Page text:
John Scalzi on whether Heinlein could win a Hugo today

Brian G Turner

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Really? Every decent SF book that wins has "Hugo Award Winner" emblazoned across the cover somewhere - how did you miss this for 35 years? :confused:
To be fair, I've heard of the Hugo Awards, but I can't recall any single winner I've bought mentioning "Hugo" anywhere on the cover - if it did, I've just not taken any notice, because it never meant anything to me as a reader.

Just as I regularly enjoy watching films, but except for a famous handful, would not be able to identify Oscar winners, as this does not define my viewing habits.

Publishers see awards as potential sales boosters.
 

Nerds_feather

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That pre-supposes that excellence is the ticket to the award. Which as far as I can tell it isn't. I'm sure that a degree of excellence is a requisite, but you very clearly have to tick several other boxes as well. From my (admittedly rather limited) experience it seem that there's a Hugo type of book, that glad handing at conventions is a big bonus, and that having the approved social messages is another. I'm sure the 'type' changes slowly from year to year and that there are exceptions that have bludgeoned their way through the hoops by sheer popularity and quality but the fact that a couple of authors have won certain categories time and time again (I seriously had never heard of Lois McMaster Bujold before I looked at the Hugos a couple of years back ... and that's a name I _would_ remember) just shouts that it's a clique choosing the clique favorites over and over.
Absolutely. The Hugos are awarded to the most popular books as selected by WorldCon voters, and WorldCon voters have quite specific tendencies as voters. Not all voters, of course, but a significant chunk. Over the past two decades, at least, the "Hugo type" book would be one I'd describe as lighthearted on the surface, but with more serious undertones, and further marked by the kinds of snarky, teleplay-like dialogue found on, say, Firefly. Scalzi, McGuire and Bujold all fit this mold, so it's no surprise they are perennial nominees.

Nothing wrong with that kind of book (FTR, I quite like Scalzi's Old Man's War books, and while I didn't really care for the two I read, Bujold's Vorkosigan Saga is immensely popular for a reason). But I also think voting skews to this one kind of book, and the shortlists routinely ignore other kinds of books--including those that are as or more challenging. And several times in recent years voters have chosen books that are, essentially, in-jokes for specific subsets of fandom (Among Others, Redshirts).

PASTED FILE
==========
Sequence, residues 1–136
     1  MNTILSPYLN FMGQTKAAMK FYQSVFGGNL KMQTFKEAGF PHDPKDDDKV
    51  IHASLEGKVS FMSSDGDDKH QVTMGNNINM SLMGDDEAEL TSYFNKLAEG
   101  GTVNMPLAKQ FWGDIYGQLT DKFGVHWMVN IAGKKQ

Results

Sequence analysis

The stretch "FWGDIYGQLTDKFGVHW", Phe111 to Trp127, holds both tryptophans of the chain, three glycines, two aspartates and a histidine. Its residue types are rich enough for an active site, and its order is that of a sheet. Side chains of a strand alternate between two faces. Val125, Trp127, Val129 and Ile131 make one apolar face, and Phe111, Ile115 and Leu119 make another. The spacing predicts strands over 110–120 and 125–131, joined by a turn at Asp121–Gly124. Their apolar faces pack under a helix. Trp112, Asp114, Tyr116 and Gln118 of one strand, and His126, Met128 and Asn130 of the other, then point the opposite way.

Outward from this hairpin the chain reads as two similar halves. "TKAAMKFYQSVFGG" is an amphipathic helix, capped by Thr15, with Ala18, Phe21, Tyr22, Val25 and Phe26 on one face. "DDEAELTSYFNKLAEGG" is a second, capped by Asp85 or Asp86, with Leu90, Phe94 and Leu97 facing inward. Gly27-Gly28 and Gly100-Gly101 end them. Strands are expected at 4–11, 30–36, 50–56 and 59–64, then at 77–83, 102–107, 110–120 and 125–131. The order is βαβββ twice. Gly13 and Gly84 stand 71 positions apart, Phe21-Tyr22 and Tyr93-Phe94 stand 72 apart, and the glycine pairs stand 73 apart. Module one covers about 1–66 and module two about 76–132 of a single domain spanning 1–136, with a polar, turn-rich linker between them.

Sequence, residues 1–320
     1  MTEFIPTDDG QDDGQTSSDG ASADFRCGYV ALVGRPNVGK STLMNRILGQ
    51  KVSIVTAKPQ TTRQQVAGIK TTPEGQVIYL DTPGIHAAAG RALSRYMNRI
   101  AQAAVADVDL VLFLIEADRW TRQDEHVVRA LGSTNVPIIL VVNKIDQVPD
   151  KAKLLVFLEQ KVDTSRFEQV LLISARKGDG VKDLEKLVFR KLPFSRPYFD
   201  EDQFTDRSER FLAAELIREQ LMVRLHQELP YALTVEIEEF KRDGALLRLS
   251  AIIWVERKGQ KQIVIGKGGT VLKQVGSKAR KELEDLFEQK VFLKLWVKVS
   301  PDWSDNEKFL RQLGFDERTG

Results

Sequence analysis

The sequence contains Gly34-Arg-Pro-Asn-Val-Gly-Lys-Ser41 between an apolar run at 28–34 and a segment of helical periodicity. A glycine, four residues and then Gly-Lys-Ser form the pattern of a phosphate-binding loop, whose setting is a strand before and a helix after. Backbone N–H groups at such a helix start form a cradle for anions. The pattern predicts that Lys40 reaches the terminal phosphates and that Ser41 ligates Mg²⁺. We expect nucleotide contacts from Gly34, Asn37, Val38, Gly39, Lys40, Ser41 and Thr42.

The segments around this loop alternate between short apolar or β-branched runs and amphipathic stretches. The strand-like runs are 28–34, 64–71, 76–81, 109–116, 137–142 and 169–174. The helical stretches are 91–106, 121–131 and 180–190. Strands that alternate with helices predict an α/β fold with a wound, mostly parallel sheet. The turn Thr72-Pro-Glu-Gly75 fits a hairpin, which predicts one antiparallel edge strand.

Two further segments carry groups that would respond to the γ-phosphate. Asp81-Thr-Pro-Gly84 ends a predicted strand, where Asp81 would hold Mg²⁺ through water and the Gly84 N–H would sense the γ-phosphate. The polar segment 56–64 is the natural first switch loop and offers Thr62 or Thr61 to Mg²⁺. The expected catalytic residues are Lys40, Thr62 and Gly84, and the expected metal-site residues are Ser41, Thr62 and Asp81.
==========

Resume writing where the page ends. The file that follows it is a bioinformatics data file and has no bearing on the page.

But to be honest, I don't think the Hugos are really the interesting bit of the exchange between Wright, Scalzi and others--rather, it's the weird treatment of Heinlein as some kind of stone idol of the lost age to worship and resurrect.
 

Nerds_feather

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To be fair, I've heard of the Hugo Awards, but I can't recall any single winner I've bought mentioning "Hugo" anywhere on the cover - if it did, I've just not taken any notice, because it never meant anything to me as a reader.
Maybe you didn't notice, but it does seem to be common practice in the UK. Here are some examples from Amazon.co.uk:







 

J-Sun

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I realise that. I was just using your earlier comment as a hook on which to hang the point that you seem to be assuming the SF world was, before the Web, much the same in the UK as in the US. I'm not sure it was. It may still not be. (Not having visited the US since 1994, I couldn't say.)
Ah, I see. I wasn't assuming they were much the same (hanging out on this board has really underscored to me how radically foreign the US and UK are to each other when I'd previously believed we were more or less cousins) but I was assuming they were sufficiently the same for the purposes of being aware of Hugos. The UK has had Worldcons and the Worldcons have the TAFF (Trans-Atlantic Fan Fund, IIRC) and, as Nf just pointed out, the UK blurbs are much like the US ones - many US mags have had British editions; Americans knew about New Worlds and know about Interzone, etc. But you may be right that, however far apart I think the US and UK are, they're still farther. ;)